solving and trouble-shooting. They must be empowered to resolve issues, and
therefore must understand how far the company is willing to go to satisfy its customers.

In-depth product training is imperative, and not training from the developer’s view or
the marketer’s view, but from the customer’s view. The service team needs to
understand what the customer does with the company’s product or service, how they
use it, how it serves their needs, and the role it plays in their lives. Only then can they
be sure to provide the level of customer service appropriate for the matter at hand.

It is also necessary to evaluate the tools your service team has to work with. How many
different systems are needed to fully address customer needs, orders, history,
preferences, and pricing? The ease with which your service reps can put their hands on
pertinent customer data plays a huge role in the level of service they deliver. Do your
systems talk to each other? Do they convey and share customer data and information
with marketing and sales, as well as customer service? Are all customer-facing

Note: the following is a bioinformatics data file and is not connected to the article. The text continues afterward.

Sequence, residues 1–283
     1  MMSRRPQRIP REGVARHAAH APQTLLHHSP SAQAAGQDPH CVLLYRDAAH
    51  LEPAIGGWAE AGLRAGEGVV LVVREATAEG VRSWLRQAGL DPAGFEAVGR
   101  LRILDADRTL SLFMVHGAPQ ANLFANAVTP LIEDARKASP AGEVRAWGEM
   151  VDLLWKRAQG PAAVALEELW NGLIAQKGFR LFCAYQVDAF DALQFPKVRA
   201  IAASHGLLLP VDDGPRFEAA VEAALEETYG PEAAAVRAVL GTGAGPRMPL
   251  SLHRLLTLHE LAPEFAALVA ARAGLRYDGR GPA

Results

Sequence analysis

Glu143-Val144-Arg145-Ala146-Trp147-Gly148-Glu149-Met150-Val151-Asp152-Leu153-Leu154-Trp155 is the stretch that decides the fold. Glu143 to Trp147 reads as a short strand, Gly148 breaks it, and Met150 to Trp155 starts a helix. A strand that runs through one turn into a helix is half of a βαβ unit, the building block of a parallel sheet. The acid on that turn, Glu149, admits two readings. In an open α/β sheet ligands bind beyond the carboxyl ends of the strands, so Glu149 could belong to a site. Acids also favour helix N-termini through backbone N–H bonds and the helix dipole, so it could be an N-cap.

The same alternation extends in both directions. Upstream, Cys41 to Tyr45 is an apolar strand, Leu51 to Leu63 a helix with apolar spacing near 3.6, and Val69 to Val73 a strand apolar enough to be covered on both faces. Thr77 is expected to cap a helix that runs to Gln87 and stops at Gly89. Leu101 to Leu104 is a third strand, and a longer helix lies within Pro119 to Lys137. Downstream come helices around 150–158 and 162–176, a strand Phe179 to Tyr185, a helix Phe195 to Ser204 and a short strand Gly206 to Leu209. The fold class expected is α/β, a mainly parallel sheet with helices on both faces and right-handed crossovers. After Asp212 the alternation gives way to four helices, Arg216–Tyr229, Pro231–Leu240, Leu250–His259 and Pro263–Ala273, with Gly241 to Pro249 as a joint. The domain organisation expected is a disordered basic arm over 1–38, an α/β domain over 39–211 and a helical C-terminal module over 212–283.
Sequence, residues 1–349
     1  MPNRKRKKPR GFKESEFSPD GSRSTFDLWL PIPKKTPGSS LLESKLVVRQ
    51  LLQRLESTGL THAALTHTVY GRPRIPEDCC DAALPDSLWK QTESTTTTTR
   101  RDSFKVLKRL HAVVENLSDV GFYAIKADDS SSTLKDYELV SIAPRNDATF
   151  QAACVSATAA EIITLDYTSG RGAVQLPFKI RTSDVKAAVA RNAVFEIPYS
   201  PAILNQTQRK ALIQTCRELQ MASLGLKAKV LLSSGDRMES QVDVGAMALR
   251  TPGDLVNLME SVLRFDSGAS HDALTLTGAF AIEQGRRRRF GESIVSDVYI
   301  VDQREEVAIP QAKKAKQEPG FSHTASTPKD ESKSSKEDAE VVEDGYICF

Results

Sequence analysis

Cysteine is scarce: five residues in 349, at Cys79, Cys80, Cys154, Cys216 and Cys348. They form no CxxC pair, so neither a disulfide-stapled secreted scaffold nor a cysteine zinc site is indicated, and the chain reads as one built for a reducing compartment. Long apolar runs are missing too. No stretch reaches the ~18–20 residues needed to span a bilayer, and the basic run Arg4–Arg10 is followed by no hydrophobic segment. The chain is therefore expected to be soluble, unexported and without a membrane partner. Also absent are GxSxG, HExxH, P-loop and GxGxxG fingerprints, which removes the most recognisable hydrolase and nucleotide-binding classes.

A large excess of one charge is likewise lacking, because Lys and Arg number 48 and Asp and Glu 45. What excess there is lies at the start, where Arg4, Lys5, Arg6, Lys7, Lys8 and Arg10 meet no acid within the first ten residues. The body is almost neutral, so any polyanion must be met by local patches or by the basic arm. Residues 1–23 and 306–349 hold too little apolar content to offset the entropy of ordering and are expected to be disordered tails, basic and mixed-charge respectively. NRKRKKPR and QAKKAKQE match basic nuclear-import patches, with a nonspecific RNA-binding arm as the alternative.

departments getting the same information? Even the smallest gap in customer
knowledge can show your company in a negative light. Give your people the right tools
for the job.

Fine-tuning your company’s service delivery is a worthwhile but complex task. In
order to fully appreciate where you want to take your service going forward, you need
to have a good understanding of where it stands currently. Take the time to honestly
assess your service delivery, from top to bottom, before reorganizing, or making tweaks
to a part of your service team. You will make better decisions, and you will have
valuable benchmarks against which to measure your improvements.

— Charles Dennis
© Knowledgence Associates, 2006 / All Rights Reserved